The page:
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What does ‘buy the dip’ mean?

Dip buying refers to the strategy of buying an asset after it has dropped in value. It follows along the same lines as the age-old mantra of “buy low and sell high”.

While the strategy seems straightforward enough, there is more to it than simply looking for the fastest dropping stocks and sinking your money in. You also need to see strong indications that the stock will rise in value again. Obviously, there is no benefit to the buy the dip strategy if the stock continues in free fall and your investment shrinks.

So what is a buy the dip strategy and how can you use it? One simplified version is to look for strong companies whose stock price has declined for reasons not unique to that particular company or industry but due to overall market conditions. A recent example would be the coronavirus pandemic.

When the extent of the disruption the virus would cause the global economy became clear, many otherwise well-positioned companies' stock prices plummeted as investors moved their money to traditional safe havens such as the US dollar.

The S&P 500 index, which tracks the performance of the top 500 US companies and is considered the benchmark index of the US stockmarket, plunged to the low of 2,447 in March 2021.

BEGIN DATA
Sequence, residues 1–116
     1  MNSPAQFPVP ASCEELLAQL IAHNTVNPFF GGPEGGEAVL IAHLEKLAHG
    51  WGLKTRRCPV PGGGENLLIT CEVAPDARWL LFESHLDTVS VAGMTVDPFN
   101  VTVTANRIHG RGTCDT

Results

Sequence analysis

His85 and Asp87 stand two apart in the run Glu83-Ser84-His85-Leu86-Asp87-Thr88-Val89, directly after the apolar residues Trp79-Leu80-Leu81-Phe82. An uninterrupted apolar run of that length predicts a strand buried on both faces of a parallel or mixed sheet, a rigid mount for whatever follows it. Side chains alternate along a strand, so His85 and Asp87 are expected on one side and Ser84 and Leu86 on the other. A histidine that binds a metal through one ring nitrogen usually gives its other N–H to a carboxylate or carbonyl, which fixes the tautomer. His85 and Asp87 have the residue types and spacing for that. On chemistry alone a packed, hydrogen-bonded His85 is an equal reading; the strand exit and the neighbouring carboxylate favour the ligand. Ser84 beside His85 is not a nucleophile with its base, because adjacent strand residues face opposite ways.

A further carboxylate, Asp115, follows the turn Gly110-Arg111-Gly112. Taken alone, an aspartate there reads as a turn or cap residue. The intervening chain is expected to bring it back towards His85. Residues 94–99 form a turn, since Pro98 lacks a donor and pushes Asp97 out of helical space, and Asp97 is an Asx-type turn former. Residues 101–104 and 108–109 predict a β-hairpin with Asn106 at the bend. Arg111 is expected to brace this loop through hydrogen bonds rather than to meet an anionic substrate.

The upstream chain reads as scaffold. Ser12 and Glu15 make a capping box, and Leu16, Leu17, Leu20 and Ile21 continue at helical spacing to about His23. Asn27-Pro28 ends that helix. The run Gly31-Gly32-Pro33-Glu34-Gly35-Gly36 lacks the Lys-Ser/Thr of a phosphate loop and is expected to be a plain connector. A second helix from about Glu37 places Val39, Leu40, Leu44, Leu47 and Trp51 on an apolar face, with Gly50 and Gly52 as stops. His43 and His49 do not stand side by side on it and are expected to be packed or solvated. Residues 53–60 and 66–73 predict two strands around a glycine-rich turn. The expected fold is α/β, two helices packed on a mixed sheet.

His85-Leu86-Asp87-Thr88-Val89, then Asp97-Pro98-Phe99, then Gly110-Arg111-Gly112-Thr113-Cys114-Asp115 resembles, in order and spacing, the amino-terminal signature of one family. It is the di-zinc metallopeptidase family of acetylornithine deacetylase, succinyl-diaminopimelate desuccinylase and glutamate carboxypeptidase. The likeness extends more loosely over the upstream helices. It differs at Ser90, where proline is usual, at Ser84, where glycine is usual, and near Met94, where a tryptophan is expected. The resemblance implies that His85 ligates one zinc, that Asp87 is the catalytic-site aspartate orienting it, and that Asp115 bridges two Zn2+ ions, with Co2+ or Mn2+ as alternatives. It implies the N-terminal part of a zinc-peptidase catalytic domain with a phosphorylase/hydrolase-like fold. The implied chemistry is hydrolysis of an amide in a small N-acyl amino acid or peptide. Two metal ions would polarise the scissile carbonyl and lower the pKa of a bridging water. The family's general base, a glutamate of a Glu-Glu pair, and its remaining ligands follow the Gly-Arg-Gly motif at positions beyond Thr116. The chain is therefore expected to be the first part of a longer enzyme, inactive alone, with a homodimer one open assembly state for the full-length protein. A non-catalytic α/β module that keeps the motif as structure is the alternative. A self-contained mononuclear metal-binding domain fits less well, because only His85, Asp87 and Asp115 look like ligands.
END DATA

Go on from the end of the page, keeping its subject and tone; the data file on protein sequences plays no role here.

While it can be difficult to know how long a particular stock will remain low and where the bottom will be, the assumption is that a company with strong fundamentals will eventually rebound.

We know now that many of these companies rebounded quite quickly, with many hitting new highs in the midst of the disruption. By the end of August 2021, the S&P 500 had doubled from its pandemic low and continued moving up to new highs.

Buy the dip

Dip buying perspectives

One drawback of dip buying in trading is that it inherently requires having idle cash available and not already invested when the dip happens. The cost of waiting for the dip in terms of lost opportunity can be higher than simply investing in strong companies and riding out any temporary downturns.

These opportunity costs are particularly relevant for position traders who look for long-term value stocks, and less so for day traders who are constantly buying the dip and exiting their position after they have made a profit.

Day traders seek to identify temporary pullbacks, or dips, which are a normal phenomenon in stocks that are experiencing an overall general uptrend, while position traders might look for the bottom of a downtrend on stocks that have strong overall fundamentals and should recover.

An alternative way of buying the dip is to increase a previous position when the price decreases, thus reducing the average price per share and increasing the profit margin on the overall position after the stock recovers. This strategy can be considered part of the definition of buy the dip and is referred to as averaging down.

However, it can be a dangerous strategy, since if the stock continues to fall you are increasing your potential losses.

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